The results of this study further confirms that the bone density of the MCBT is significantly greater than that of CBT.

The CT value of the screw track was positively correlated with the pull-out strength of the pedicle screw [30]. Ueno et al. [35] found that the pull-out strength of CBT was greater than that of TT, regardless of the type of screw. CBT increases the uniaxial yield pullout load by 30% and 1.7 times higher torque than TT screw [4, 5]. Our finding was that MCBT screw also had better pullout resistance than TT screw [12]. By comparing the anatomical characteristics of the CBT and MCBT, and by combining the mean CT values of the MCBT screw track with those of the CBT and statistically significant (P < 0.05). We concluded that the pullout resistance of MCBT screw is mainly attributed to the superior qualities of the screw track.

Length of the screw path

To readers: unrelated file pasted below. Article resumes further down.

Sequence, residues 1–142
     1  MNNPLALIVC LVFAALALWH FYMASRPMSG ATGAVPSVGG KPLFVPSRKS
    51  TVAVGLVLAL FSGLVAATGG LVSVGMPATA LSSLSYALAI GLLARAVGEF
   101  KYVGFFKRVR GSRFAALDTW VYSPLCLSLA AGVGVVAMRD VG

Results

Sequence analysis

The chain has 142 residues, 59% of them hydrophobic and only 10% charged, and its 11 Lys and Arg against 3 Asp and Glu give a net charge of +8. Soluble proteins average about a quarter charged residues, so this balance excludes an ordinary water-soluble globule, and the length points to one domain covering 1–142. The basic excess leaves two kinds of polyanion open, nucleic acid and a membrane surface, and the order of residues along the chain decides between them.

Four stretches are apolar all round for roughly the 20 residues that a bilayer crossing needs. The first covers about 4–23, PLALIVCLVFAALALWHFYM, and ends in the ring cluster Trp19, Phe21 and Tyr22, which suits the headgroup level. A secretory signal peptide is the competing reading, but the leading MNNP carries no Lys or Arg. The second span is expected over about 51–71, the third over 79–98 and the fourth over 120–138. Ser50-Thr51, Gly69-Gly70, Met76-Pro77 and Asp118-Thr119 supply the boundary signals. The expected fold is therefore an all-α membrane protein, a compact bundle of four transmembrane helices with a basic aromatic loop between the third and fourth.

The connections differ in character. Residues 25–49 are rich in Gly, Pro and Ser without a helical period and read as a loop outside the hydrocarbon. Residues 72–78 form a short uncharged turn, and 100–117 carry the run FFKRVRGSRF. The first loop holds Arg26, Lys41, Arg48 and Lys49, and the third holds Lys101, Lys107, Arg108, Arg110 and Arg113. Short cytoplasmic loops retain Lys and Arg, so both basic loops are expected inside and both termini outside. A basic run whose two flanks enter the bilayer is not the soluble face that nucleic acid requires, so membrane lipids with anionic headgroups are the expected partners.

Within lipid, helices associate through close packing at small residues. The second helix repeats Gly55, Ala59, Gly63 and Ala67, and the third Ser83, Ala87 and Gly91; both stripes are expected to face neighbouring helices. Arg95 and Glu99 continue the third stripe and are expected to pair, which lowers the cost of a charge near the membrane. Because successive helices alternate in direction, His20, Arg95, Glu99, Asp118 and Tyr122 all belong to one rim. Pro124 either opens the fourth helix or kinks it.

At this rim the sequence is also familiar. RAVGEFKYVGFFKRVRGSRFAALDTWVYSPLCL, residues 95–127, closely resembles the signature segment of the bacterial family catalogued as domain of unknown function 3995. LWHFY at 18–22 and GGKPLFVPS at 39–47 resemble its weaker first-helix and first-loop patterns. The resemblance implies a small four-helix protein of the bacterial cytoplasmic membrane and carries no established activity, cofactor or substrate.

The fixation strength of posterior fixation was not only related to the strength of the bone, but also to the length of the screw [36]. Varghese et al. [37] confirmed through biomechanical study that the torque of the screw during insertion into the bone is the best predictor of the final bone-screw interface failure. However, it is worth noting that the most important factor affecting the insertion torque of CBT was the screw length within the lamina, independent of the length within the vertebra or the total screw length (Fig. 3) [17]. We believe that this conclusion was reached precisely because of the inherent defects of the traditional CBT and the failure to effectively utilize the cortical bone throughout the screw trajectory, especially the medial and inferior wall of the pedicle and the bony cortex at the lateral edge of the upper endplate of the vertebral body [8, 9]. Fujiwara et al. [34] found that the insertion torque of the CBT screw was positively correlated with screw length, negatively correlated with the distance between the screw and the medial wall of the pedicle and the distance from the screw to the superior endplate. Concept of MCBT placement with longer screw tracks and closer to the medial wall of the pedicle was also in line with this findings.